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Monday, February 1, 2010

Ask EcoGirl:Sharing your Eco Love

Dear EcoGirl: This Valentine's Day, how can I express my love for both my sweetie and the planet? Signed, An Ardent Eco-Suitor

Dear Ardent: Ah, love, love. And, luckily in this modern era, we can celebrate not just the delights of romantic love, but also our affection and appreciation for our friends, pets, wildlife, community and certainly all life on earth.

So, yes, here are some easy ways you can eco-upgrade your amorous expressions, embodying your values while revealing that oh-so-attractive eco-awareness that so many beloveds admire.

Chocolate kisses

Chocolate, one of our favorite indulgences, also unfortunately (like so many mainstream foods) is often produced in ways that harm people and the planet.

For example, most cacao beans (chocolate's foundation) are grown using toxic pesticides in tropical locales where rainforests were cleared to create monoculture plantations that no longer offer shade habitat to migratory songbirds and other wildlife. Plus, workers typically labor in dangerous conditions for inadequate wages.

Luckily, we have options that are eco-wiser, healthier for workers, and even tastier! So, after you learn your giftee's preferences (e.g., milk chocolate or dark, dietary restrictions, etc.), head to your local health food store and choose from their earth-friendly selection of organic, fair trade, and vegan varieties. Here are two that I recommend:

• Shaman Chocolates. My personal favorite is dark chocolate with raspberries, and all varieties are organic, fair trade, and support the cultural survival of Mexico's indigenous Huichol people. These shamanic natives have long considered chocolate sacred, using it in ceremonies "to show their love for Mother Earth." How cool is that? Look at the store or see

• Sjaaks Organic Chocolates. This local organic fair trade chocolate (made in Eureka) comes in various forms, including bars, truffles, hearts, boxes, and holiday packaging. They even have vegan choices! You can buy Sjaaks in stores, online, and at their Petaluma warehouse (by appointment). More information is at, 775-2434.

Rose blossoms

OK, so now on to the other half of this famed heart duo, roses. But certainly flowers are natural, right? Well, sadly, while they start out that way, they're often doused with toxic pesticides during growing and shipping, and regulations are less-protective than for food.

I discovered this personally many years ago, when a suitor's lovely bouquet gave me terrible headaches, and I reluctantly had to banish it to the porch, only to be viewed from afar.

Of course, whatever toxic dose I received, the workers must've risked worse, and indeed most of our cut flowers come from countries such as Columbia and China where workers have their health compromised by toxics while earning low wages and receiving scant worker protection. Yuck, who wants to encourage that? Plus pesticides are indeed found on the flowers, making them smell much less sweet.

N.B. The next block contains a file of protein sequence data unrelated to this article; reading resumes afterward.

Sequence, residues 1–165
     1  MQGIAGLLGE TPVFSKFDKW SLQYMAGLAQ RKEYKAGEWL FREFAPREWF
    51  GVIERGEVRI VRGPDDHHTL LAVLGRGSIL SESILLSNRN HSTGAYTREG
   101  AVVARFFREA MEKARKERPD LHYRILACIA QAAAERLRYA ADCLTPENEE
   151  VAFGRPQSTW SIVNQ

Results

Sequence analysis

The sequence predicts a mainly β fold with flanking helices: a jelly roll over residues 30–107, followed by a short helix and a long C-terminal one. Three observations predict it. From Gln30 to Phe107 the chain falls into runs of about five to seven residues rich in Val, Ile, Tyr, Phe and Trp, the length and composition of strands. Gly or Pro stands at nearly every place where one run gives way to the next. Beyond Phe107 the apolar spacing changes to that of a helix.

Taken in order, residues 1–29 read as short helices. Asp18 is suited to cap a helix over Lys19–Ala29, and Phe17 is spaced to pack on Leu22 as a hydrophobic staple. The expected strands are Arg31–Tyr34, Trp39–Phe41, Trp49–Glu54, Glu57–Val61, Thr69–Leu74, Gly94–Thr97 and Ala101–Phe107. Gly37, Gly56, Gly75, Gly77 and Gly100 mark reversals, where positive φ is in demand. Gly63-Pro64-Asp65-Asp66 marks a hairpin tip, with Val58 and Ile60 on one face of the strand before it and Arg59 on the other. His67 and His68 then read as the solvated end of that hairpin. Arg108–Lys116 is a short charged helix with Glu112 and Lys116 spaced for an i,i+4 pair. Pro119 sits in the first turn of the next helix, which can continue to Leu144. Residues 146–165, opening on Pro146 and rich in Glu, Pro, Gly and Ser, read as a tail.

So look for eco-flower options, starting with organic roses, at your health food store or online. See for instance pioneer Organic Bouquet,, or

You'll also see other flower labels touting ecological claims, but look carefully at their specifics. Do they actually say "no toxics allowed"? And do they have third-party certification? For example, VeriFlora and Whole Trade labels speak about the environment and workers, and perhaps they're an improvement, but they don't have strong statements about avoiding toxics. That's why I value, and encourage you to first support, the solid and clear commitments of the organic standard.

For an engaging article about workers in industrial versus organic flower operations, check out

And beyond

From here, who knows where your eco-gifting imagination might go? Perhaps an organic potted flower will fit your vision, say from Harmony Farm Supply & Nursery (, 823-1925). Or a romantic meal featuring organic local cuisine. And a walk in nature's freshness can help spark that vibrant snuggly togetherness. (More gift ideas are on my website.)

And, along the way, I encourage you to savor the joy that comes from nurturing that which nourishes us all in oh so many ways.


Ask EcoGirl is written by Patricia Dines, Author of The Organic Guides, and Editor and Lead Writer for The Next STEP newsletter. Email your questions about going green to for possible inclusion in future columns. View past columns at

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"EcoGirl: Encouraging the eco-hero in everyone."

© Copyright Patricia Dines, 2010. All rights reserved.

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